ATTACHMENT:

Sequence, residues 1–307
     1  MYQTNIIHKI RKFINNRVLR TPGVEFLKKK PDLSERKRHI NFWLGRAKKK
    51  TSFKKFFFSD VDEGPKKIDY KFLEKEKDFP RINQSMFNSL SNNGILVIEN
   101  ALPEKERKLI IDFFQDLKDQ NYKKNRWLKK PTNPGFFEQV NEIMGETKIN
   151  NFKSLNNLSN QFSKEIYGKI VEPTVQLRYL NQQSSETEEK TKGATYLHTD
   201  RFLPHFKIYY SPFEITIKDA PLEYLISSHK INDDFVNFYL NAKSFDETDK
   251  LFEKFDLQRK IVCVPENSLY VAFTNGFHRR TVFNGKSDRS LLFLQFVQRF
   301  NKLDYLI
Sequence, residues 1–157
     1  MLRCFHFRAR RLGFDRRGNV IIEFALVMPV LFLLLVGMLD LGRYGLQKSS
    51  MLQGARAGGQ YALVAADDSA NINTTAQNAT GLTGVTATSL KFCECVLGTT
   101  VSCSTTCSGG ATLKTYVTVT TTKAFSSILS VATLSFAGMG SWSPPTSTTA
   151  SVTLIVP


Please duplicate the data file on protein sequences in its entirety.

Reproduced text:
Sequence, residues 1–307
     1  MYQTNIIHKI RKFINNRVLR TPGVEFLKKK PDLSERKRHI NFWLGRAKKK
    51  TSFKKFFFSD VDEGPKKIDY KFLEKEKDFP RINQSMFNSL SNNGILVIEN
   101  ALPEKERKLI IDFFQDLKDQ NYKKNRWLKK PTNPGFFEQV NEIMGETKIN
   151  NFKSLNNLSN QFSKEIYGKI VEPTVQLRYL NQQSSETEEK TKGATYLHTD
   201  RFLPHFKIYY SPFEITIKDA PLEYLISSHK INDDFVNFYL NAKSFDETDK
   251  LFEKFDLQRK IVCVPENSLY VAFTNGFHRR TVFNGKSDRS LLFLQFVQRF
   301  NKLDYLI
Sequence, residues 1–157
     1  MLRCFHFRAR RLGFDRRGNV IIEFALVMPV LFLLLVGMLD LGRYGLQKSS
    51  MLQGARAGGQ YALVAADDSA NINTTAQNAT GLTGVTATSL KFCECVLGTT
   101  VSCSTTCSGG ATLKTYVTVT TTKAFSSILS VATLSFAGMG SWSPPTSTTA
   151  SVTLIVP